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Confucius, was born in 551 B.C. and died in 479 B.C. The philosophy that is known as Confucianism comes
mainly from the speeches and writings of Confucius. The ideas of Confucianism are found in “The Analects".
Confucianism is an ethical system rather than a religion. (Ethics deals with human behavior and conduct.)
Confucius was mainly concerned with how human beings behaved toward each other and paid little attention to
such matters as sin, salvation, and the soul. He developed a system of government, society, and justice which
we call Confucianism.
Confucius believed that people, because of their nature, desire to live in the company of other people, that is, in
society. It is only in society that people reach their fullest development. Therefore, it is important for people to
know how to behave in society, that is, in their relations with other people.
The Five Basic Relationships
According to Confucius, each person had a specific place in society and certain duties to fulfill. Confucius
hoped that if people knew what was expected of them they would behave correctly. Therefore, he set up five
principal relationships in which most people are involved. These relationships were
(1) ruler and subject;
(2) father and son;
(3) elder brother and younger brother;
(4) husband and wife; and
(5) friend and friend.
All, except the last, involve the authority of one person over another. Power and the right to rule belong to
superiors over subordinates; that is, to older people over younger people, to men over women. Each person has
to give obedience and respect to "superiors"; the subject to his ruler, the wife to her husband, the son to his
parents, and the younger brother to the older brother. The "superior," however, owes loving responsibility to the
The Family and the State
Confucius placed great importance on the family. In fact, filial piety (respecting your parents and ancestors) is
considered the first virtue of Confucianism. Family life was seen as a training ground for life in society. It is at
home in the family that the child learns to deal with problems that he or she will face later in the world. The
family is responsible for educating the child to be a good member of society. Confucius emphasized the
importance of education, the aim of which is to turn people into good family members, responsible members of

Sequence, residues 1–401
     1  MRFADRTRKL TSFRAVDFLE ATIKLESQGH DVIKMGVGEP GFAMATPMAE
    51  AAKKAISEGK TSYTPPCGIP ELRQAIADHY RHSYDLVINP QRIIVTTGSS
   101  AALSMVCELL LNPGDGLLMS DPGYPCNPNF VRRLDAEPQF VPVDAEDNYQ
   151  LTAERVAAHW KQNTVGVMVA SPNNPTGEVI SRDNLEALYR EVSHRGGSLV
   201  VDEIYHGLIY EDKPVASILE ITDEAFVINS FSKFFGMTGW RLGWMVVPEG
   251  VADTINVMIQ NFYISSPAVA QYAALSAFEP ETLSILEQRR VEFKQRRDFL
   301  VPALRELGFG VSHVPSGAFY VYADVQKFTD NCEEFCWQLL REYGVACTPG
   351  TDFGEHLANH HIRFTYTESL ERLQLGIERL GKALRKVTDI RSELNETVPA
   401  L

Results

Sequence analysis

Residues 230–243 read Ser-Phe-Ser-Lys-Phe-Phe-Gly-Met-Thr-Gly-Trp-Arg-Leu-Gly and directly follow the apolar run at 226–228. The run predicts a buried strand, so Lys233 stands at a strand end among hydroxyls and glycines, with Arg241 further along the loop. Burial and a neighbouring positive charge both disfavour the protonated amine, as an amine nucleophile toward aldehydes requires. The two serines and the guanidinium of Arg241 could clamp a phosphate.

society, and good subjects of the emperor.
The state (government) was regarded as an extension of the family in many ways. The emperor and his officials
were referred to as the parents of the people. Subjects owed the same loyalty to their rulers that they owed to the
senior members of their family.
However, the emperor had duties to fulfill as well. Confucius believed that for society to be well ordered and
for people to live in peace and prosper, it was necessary to have a good government and a virtuous ruler. It was
the duty of the emperor and his officials to set a good example for the people. The good example of the ruler
would transform the people, and make them better. Confucius believed that only the wisest and most humane
men should rule. He further believed that if the emperor was not morally perfect, heaven would cause the world
to suffer.
The emperor also had to maintain the proper relationship between himself and heaven. Heaven was regarded as
the governing authority of the universe and the final judge of right and wrong. The Chinese believed that a
dynasty ruled as long as it held the "Mandate of Heaven," that is, the right to rule. The people felt they had the
right to say whether or not the ruler had the Mandate. When the Emperor did not see to it that there was water
for irrigation, that canal barges could transport rice, that rivers did not flood, and that roads were safe for
traveling, the people suffered. When the people suffered, they were sure that Heaven had taken away its
protection of the Emperor, so they rebelled. When the rebellion was successful, the Mandate of Heaven was
given to the leader of the rebellion. He became the emperor of a new dynasty.
The Importance of Confucianism
For 2,000 years Confucianism was the official philosophy of China. The only way a person could achieve an
important position in the government or in society was by having a good knowledge of Confucianism. To
become a government official it was necessary to pass a difficult civil service examination based on the ideas of
Confucius. Since it was Confucianism that kept the leaders in power, they were opposed to any changes. The
Confucianists believed that they were the only civilized community in the world and they looked down on the
beliefs and cultures of other people. This attitude made the Chinese unwilling to change their way of life when
they were first exposed to Western culture. This unwillingness to adopt Western ideas and techniques in the late
19th and early 20th centuries proved to be disastrous for the Chinese.
Confucius himself was not very interested in the ideas of a God, an after life, heaven, and other ideas that we
associate with religion. However, when Confucianism became the official philosophy of China, religious
functions were incorporated into it. Confucius, together with his ancestors and famous followers, became
objects of worship. Confucian temples were built all over China and sacrifices and rituals were performed.
Excerpt from The Analects:
“Lead people by means of regulations and keep order among them through punishments, and the people
will evade them and will lack any sense of shame. Lead them through morality and act as an example of
virtue, and they will have a sense of shame and will also correct themselves.”
1. What is the ultimate goal of Confucianism?
2. What is the importance of the family?
3. What is filial piety?
Daoism, a Chinese philosophy traditionally attributed to Lao Zi, originated in the 6th century BC, about the
same time as Confucianism. Daoism teaches the importance of people having a sense of nature, understanding